In view of the expected surge in sugar production in the coming 2022-23 season that starts in October, sugar mills have urged the Centre to revisit its ongoing export policy and allow exports of about 8 million tonnes of the sweetener under Open General License (OGL) to maintain stable domestic market conditions.
According to sources, the Indian Sugar Mills Association (ISMA) stated in a letter to the government a few days ago, that sugarcane acreage in the 2022-23 season is expected to be around 2 per cent higher than the current year. This, along with the likelihood of a normal monsoon, will take domestic sugar production to about 39.4 million tonnes, without considering diversion towards ethanol.
This is similar to the estimated sugar production of the current year, which after accounting for 3.4 million tonnes diverted towards ethanol, has been pegged at 36 million tonnes.
“However, it appears that sugar production next year could be higher still, even after the possibility of higher diversion towards ethanol. There would be sufficient surplus for export,” the ISMA letter said.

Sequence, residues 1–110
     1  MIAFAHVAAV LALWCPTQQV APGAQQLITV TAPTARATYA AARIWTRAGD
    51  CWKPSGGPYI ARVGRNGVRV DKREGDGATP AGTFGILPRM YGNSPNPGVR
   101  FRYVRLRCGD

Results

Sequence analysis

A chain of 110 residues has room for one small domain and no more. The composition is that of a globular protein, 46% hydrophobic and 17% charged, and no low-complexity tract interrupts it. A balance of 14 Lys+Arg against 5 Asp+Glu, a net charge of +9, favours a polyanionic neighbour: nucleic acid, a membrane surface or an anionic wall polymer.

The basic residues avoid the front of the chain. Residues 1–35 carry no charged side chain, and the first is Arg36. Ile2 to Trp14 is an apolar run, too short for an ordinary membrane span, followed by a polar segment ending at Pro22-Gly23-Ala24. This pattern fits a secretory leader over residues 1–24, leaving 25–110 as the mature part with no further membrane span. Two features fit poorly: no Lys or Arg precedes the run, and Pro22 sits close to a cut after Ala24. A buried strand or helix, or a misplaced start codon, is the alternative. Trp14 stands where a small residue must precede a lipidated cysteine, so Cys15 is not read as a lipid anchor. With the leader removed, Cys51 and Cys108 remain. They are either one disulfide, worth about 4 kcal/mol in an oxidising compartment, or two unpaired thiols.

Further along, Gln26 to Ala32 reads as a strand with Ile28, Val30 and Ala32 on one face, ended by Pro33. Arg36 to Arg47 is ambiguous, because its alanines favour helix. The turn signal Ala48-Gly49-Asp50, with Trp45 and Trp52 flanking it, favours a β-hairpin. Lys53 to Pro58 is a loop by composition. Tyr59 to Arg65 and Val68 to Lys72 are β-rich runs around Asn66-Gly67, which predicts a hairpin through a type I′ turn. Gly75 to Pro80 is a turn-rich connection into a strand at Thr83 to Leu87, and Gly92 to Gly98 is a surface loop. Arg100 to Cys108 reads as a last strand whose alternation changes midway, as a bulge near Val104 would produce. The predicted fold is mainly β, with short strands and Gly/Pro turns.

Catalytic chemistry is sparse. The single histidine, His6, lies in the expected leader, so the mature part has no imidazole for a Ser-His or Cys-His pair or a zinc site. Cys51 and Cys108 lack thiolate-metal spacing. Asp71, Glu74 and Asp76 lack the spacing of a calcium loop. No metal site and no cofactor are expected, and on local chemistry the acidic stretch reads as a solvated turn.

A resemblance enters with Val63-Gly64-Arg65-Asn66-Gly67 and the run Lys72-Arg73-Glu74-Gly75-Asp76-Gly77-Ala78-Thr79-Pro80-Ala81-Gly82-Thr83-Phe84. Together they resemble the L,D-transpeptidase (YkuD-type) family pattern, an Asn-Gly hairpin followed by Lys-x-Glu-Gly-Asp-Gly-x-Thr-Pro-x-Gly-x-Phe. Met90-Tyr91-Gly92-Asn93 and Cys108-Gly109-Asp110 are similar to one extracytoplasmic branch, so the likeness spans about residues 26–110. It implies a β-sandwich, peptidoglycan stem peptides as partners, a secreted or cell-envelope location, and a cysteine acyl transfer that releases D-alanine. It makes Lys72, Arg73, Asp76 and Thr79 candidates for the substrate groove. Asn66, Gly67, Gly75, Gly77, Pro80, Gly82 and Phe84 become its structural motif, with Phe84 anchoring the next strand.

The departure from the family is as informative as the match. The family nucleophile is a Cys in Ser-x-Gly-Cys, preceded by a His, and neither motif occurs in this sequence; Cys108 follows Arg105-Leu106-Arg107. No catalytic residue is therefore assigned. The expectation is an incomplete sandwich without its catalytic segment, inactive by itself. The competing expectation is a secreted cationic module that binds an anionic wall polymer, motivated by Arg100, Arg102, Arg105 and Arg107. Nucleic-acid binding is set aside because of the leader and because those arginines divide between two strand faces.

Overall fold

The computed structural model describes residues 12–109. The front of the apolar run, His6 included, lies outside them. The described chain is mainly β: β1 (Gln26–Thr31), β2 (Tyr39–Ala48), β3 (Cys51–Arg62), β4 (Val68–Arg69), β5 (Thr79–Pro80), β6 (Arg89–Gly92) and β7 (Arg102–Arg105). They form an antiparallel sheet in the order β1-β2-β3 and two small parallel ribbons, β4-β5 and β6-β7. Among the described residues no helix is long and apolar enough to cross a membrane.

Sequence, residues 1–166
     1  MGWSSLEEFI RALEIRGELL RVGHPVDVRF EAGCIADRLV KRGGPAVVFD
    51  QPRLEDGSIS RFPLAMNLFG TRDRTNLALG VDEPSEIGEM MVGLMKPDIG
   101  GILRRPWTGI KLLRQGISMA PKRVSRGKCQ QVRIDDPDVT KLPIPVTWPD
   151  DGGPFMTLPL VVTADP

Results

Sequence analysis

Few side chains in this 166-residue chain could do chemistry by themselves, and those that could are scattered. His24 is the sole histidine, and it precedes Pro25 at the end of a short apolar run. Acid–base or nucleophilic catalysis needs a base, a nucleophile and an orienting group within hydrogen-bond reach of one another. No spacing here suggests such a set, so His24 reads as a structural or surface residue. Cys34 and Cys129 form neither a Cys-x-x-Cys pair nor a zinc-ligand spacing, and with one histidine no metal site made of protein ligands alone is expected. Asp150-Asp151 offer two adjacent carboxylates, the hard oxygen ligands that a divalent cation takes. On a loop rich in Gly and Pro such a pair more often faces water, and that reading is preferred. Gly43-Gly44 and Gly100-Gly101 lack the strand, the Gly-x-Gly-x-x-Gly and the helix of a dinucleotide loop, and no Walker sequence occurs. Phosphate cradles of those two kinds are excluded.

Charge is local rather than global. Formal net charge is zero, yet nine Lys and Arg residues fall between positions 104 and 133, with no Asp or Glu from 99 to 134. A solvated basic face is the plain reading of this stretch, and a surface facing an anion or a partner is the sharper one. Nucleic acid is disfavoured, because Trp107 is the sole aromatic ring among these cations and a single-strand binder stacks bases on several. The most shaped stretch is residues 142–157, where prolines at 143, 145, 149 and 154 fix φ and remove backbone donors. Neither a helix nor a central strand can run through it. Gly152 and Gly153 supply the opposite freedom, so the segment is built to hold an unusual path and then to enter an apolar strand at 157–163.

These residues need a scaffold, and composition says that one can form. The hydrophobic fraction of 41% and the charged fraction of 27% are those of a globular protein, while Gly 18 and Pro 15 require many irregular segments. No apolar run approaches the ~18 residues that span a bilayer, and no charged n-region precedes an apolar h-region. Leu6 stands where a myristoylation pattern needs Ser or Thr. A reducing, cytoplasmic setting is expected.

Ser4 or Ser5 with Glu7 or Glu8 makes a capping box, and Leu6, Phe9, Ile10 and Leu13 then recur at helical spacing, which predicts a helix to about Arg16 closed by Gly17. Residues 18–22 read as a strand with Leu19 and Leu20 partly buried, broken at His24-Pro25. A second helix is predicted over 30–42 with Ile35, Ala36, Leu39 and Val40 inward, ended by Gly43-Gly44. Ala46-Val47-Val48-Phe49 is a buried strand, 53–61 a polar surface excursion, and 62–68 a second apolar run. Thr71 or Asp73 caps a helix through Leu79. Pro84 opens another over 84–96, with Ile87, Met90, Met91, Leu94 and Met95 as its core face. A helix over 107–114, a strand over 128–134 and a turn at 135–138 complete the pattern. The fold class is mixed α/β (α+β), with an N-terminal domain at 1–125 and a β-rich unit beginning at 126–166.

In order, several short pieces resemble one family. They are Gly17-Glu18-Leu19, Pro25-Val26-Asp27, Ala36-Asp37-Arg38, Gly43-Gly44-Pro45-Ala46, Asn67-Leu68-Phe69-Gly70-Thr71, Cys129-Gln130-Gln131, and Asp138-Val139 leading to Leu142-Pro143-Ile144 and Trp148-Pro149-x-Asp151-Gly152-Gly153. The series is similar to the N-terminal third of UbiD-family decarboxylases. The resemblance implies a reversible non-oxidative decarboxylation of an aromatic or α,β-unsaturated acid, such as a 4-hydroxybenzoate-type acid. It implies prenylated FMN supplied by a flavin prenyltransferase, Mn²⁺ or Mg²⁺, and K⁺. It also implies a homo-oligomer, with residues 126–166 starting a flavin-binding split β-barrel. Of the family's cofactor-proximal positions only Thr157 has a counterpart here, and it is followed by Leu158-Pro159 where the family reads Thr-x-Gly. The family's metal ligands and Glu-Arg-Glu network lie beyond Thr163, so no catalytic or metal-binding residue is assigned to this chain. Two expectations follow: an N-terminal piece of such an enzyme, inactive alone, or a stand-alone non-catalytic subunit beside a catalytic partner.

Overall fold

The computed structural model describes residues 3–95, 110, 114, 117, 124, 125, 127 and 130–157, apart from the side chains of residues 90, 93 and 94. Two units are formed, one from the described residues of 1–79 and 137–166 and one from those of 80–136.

Sugar millers said this is the right time to announce sugar exports under OGL as global prices are firm currently, and an announcement now will enable them to sign future contracts at good prices. This, in turn, will allow millers to plan their season in advance.
“Further this will give a fair and transparent chance and equal opportunity to all sugar mills to participate in exports, instull confidence in the millers and maintain stable domestic market situation owing to sufficient available stock for internal consumption,” the millers said.
In the current season (2021-22), the Centre last month for the first time in six years, capped sugar exports to 10 million tonnes to prevent a drawdown in its stocks and a surge in domestic prices later in the year.
The country, the world’s biggest sugar producer and the second-largest exporter (Brazil top exporter), has contracted around 8.5 million tonnes for sending abroad in the 2021-22 season, which started in October.
Of that till May 15, around 7.1 million tonnes has been shipped.
“The limited objective of the government is that by the time the 2021-22 sugar season ends in September, India has adequate stocks to meet its three months’ consumption requirement (till December). Or else it might have to import sugar, which will be embarrassing and inflationary,” a senior industry official aware of the move had then said.
India consumes 2-2.5 million tonnes of sugar a month.